As used herein, the term “sterilize” is intended to mean a reduction in the level of at least one active biological contaminant or pathogen found in the preparation being treated according to the present invention.

As used herein, the term “biological contaminant or pathogen” is intended to mean a biological contaminant or pathogen that, upon direct or indirect contact with a biological material, such as a preparation of urokinase, may have a deleterious effect on the biological material or upon a recipient thereof. Such biological contaminants or pathogens include the various viruses, bacteria, in both vegetative and spore states, (including inter- and intracellular bacteria, such as mycoplasmas, ureaplasmas, nanobacteria, chlamydia, rickettsias), yeasts, molds, fungi, prions or similar agents responsible, alone or in combination, for TSEs and/or single or multicellular parasites known to those of skill in the art to generally be found in or infect biological materials. Examples of other biological contaminants or pathogens include, but are not limited to, the following: viruses, such as human immunodeficiency viruses and other retroviruses, herpes viruses, filoviruses, circoviruses, paramyxoviruses, cytomegaloviruses, hepatitis viruses (including hepatitis A, B, C, and D variants thereof, among others), pox viruses, toga viruses, Ebstein-Barr viruses and parvoviruses; bacteria, such as Escherichia, Bacillus, Campylobacter, Streptococcus and Staphylococcus; nanobacteria; parasites, such as Trypanosoma and malarial parasites, including Plasmodium species; yeasts; molds; fungi; mycoplasmas and ureaplasmas; chlamydia; rickettsias, such as Coxiella burnetti; and prions and similar agents responsible, alone or in combination, for one or more of the disease states known as transmissible spongiform encephalopathies (TSEs) in mammals, such as scrapie, transmissible mink encephalopathy, chronic wasting disease (generally observed in mule deer and elk), feline spongiform encephalopathy, bovine spongiform encephalopathy (mad cow disease), Creutzfeld-Jakob disease (including variant CJD), Fatal Familial Insomnia, Gerstmann-Straeussler-Scheinker syndrome, kuru and Alpers syndrome. Further, as used herein, the term “active biological contaminant or pathogen” is intended to mean a biological contaminant or pathogen that is capable of causing a deleterious effect, either alone or in combination with another factor, such as a second biological contaminant or pathogen or a native protein (wild-type or mutant) or antibody, in a biological material, such as urokinase, and/or a recipient thereof.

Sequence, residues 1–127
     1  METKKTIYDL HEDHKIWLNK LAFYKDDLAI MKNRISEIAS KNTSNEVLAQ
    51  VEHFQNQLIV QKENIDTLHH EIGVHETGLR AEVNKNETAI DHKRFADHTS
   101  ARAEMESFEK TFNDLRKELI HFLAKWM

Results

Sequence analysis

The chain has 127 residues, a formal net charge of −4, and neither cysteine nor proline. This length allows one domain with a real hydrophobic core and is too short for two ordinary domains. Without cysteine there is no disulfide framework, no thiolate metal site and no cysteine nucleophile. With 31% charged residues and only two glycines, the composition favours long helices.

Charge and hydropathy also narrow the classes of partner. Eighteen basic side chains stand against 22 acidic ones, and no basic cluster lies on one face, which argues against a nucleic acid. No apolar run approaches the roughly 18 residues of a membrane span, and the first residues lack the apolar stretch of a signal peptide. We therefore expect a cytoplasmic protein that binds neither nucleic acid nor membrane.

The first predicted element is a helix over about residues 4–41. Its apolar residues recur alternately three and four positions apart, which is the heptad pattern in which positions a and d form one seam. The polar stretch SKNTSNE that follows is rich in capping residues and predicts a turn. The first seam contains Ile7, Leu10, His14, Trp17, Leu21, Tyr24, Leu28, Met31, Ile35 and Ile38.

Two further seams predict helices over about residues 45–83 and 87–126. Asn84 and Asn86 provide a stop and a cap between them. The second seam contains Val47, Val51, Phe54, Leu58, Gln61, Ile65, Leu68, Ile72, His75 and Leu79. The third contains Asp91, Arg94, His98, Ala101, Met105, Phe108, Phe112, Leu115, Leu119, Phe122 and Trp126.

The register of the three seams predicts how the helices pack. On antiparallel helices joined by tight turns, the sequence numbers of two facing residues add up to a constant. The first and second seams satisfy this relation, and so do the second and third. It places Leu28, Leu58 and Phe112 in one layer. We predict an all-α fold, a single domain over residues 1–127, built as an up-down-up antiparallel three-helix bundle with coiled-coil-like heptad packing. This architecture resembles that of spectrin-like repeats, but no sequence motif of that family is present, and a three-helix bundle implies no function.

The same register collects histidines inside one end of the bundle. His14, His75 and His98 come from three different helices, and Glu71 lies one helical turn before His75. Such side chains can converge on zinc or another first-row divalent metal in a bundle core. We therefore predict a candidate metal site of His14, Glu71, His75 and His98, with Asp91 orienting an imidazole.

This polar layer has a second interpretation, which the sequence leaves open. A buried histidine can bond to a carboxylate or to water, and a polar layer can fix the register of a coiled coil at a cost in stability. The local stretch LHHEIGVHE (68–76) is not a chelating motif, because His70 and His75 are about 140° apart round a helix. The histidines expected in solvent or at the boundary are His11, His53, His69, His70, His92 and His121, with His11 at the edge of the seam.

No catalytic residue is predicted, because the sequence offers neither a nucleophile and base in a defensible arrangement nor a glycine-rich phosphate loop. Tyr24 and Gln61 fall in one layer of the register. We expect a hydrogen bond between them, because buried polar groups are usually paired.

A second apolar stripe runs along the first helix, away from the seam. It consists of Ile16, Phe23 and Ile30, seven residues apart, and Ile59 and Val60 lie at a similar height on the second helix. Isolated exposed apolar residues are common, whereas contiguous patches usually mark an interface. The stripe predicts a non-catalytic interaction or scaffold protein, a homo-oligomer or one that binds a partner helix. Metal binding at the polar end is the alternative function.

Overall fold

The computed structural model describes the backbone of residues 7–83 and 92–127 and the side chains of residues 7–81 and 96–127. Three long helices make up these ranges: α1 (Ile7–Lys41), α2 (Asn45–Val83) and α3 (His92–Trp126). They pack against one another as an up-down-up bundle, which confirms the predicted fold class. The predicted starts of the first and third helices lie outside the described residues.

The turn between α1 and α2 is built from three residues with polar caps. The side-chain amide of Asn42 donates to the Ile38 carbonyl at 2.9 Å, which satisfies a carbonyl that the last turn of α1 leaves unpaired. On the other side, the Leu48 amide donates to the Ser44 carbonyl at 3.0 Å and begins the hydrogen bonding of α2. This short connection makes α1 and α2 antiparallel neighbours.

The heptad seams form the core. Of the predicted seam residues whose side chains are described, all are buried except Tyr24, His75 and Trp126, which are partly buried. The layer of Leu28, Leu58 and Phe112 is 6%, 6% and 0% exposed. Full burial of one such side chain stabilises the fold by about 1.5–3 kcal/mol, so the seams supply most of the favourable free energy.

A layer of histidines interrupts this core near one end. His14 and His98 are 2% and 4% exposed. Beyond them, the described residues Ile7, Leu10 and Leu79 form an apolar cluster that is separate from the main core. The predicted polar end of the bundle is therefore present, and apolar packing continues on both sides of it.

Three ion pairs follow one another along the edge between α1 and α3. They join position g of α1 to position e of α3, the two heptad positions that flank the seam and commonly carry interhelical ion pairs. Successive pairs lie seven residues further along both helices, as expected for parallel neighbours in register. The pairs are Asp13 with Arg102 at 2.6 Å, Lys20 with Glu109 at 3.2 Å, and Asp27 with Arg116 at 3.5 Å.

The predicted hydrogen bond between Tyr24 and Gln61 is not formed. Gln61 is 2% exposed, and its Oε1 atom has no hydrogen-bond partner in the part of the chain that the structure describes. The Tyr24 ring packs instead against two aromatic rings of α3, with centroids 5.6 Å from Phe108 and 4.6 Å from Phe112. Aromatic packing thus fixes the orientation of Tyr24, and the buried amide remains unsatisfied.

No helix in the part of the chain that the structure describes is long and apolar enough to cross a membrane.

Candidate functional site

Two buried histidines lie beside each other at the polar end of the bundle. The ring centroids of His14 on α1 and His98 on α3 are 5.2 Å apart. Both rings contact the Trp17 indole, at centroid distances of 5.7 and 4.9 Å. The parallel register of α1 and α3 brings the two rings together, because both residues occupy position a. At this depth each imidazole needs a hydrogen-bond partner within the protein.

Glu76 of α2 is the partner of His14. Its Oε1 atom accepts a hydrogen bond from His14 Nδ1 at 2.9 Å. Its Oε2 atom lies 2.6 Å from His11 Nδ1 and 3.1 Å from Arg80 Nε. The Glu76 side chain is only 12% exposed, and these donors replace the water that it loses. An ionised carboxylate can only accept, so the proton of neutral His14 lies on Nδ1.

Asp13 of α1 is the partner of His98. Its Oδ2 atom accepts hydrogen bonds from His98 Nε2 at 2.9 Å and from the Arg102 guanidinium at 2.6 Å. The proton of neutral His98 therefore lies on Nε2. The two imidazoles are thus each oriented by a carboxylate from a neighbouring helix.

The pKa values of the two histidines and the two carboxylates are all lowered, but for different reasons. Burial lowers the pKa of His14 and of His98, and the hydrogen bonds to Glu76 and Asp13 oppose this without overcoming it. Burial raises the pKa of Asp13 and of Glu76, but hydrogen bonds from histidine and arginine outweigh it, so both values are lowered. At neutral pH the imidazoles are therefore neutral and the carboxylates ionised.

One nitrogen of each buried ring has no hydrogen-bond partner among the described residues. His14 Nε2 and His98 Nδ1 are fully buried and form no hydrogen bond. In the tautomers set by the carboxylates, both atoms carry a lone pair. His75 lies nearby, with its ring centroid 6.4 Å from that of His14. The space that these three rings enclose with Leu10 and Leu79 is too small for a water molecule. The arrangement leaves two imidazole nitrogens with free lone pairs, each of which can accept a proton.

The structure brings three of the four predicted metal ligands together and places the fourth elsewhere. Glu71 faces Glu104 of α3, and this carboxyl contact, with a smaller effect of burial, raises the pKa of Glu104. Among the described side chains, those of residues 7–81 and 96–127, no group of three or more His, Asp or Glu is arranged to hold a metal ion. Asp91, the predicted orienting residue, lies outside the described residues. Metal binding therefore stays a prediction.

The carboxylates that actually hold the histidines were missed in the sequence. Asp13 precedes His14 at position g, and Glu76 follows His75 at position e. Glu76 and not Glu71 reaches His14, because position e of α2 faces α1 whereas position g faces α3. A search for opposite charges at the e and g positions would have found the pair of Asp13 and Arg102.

As used herein, the term “a biologically compatible solution” is intended to mean a solution to which a biological material, such as urokinase, may be exposed, such as by being suspended or dissolved therein, and retain its essential biological and physiological characteristics. Such solutions may be of any suitable pH, tonicity, concentration and/or ionic strength.

As used herein, the term “a biologically compatible buffered solution” is intended to mean a biologically compatible solution having a pH and osmotic properties (e.g., tonicity, osmolality and/or oncotic pressure) suitable for maintaining the integrity of the material(s) therein, such as urokinase. Suitable biologically compatible buffered solutions typically have a pH between 2 and 8.5 and are isotonic or only moderately hypotonic or hypertonic. Biologically compatible buffered solutions are known and readily available to those of skill in the art. Greater or lesser pH and/or tonicity may also be used in certain applications. The ionic strength of the solution may be high or low, but is typically similar to the environments in which the preparation of urokinase is intended to be used.